Tuesday, August 11, 2009

Bánh Mỳ Huế

The Vietnamese word for bread is bánh mỳ (bánh mì in the south). Confusion sometimes arises because the same word word is used to refer to "sandwich," which in Hanoi usually means a smear of paté, a few slices of processed pork, and maybe some pickled veggies and cilantro stuffed inside a buttered Franch baguette. The term gets even looser, however, when it's used to refer to a special dish known as Bánh Mỳ Huế, or Bánh Mỳ Bít Tết. For you and me, that's just good ol' steak and eggs!

When you order Bánh Mỳ Huế, you receive a scalding black skillet with a metal lid, inside of which are frantically sizzling gobs of oil. The air is redolent with the burnt-sweet scent of smoldering flesh, but you should refrain from giving in to your carnivorous instincts, and let the oil die down before lifting the lid (or else open it and start eating as a type of drunken freshman initiation rite, but keep the nearest hospital's burn unit on standby).

Once you decide to peek inside, the sight is glorious: slivers of thinly-sliced beef (bít tết is the Vietnamese pronunciation of the French "beefsteak"), saturated meatballs, unguent French fries, and a few green onions and tomatoes tossed in as a gesture toward good health. All this surrounds a couple of the most deeply-fried eggs you've ever seen. It hardens your arteries just to look at it.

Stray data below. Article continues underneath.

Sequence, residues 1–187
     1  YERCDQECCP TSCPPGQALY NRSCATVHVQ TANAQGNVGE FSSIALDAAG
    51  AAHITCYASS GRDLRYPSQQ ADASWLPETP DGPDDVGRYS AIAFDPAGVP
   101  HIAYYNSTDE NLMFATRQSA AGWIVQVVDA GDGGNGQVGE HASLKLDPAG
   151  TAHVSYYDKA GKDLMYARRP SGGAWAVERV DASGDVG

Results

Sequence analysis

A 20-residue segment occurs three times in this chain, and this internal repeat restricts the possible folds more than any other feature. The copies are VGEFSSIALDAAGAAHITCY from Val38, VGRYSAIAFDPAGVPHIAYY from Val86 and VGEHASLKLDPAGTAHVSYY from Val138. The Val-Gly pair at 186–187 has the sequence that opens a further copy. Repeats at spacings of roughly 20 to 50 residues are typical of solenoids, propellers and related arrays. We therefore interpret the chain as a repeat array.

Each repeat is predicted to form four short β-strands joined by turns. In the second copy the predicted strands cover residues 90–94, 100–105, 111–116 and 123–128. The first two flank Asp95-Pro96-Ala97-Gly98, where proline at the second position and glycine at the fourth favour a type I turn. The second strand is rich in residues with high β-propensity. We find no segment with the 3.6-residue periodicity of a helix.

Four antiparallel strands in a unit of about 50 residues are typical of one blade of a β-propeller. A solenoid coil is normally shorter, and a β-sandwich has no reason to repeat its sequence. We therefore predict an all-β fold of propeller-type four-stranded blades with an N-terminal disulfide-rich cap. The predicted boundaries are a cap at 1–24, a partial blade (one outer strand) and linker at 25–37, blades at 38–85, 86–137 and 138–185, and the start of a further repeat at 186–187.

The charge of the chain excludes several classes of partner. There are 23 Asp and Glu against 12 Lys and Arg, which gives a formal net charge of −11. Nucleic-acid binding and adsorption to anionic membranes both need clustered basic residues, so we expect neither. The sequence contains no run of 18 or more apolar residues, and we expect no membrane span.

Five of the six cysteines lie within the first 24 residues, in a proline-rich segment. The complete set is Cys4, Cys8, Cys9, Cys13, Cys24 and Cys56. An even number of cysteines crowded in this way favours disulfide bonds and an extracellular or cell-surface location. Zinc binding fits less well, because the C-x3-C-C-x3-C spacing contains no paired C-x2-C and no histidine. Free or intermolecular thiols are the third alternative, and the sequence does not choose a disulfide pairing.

This magnificent greasebomb is served with a side of pickled cucumbers, some fresh tomatoes, and a hearty French baguette, but it is not meant to be eaten as a sandwich. Rip off rough hanks of the bread, take morsels from the frying pan and whatever else appeals to you, and savage your meal like a cheetah on a gazelle. A dash of chili paste complements the meat very nicely. Just make sure to leave some bread at the end, so you can soak up the remaining grease. You will swear you have died and gone to high-cholesterol heaven.

I've had this dish in a few places in town, but the best joints, in my opinion, are on Hòa Mã - Bánh Mì Huế Ngọc Hiếu on #9 Hòa Mã is quite good. Being rich and meaty, this meal will set you back a whopping US$3 (once you factor in your drink) - not counting medical expenses.


  1. That looks delicious! Do you if they have this in Saigon as well?

  2. Hey Ctran,

    I haven't been to HCMC in years, but I am POSITIVE that you can find this dish there. Look for the southern spelling of bánh mì (instead of bánh mỳ) and various possible combinations, such as:

    Bánh Mì Huế
    Bánh Mì Bít Tết
    Bánh Mì Bíttết

    ...and so on. Let me know what you find - I'll be anxious to see if there are any major differences!

  3. wow, your Vietnam knowledge is so amazing. Banh' mi` (~sandwich)(why I can't type Vietnamese) may also contain egg, too.
    The North uses banh' mi` the same as banh' my`.
    have you ever try reading Vietnamese Internet words? Sometimes even i can't understand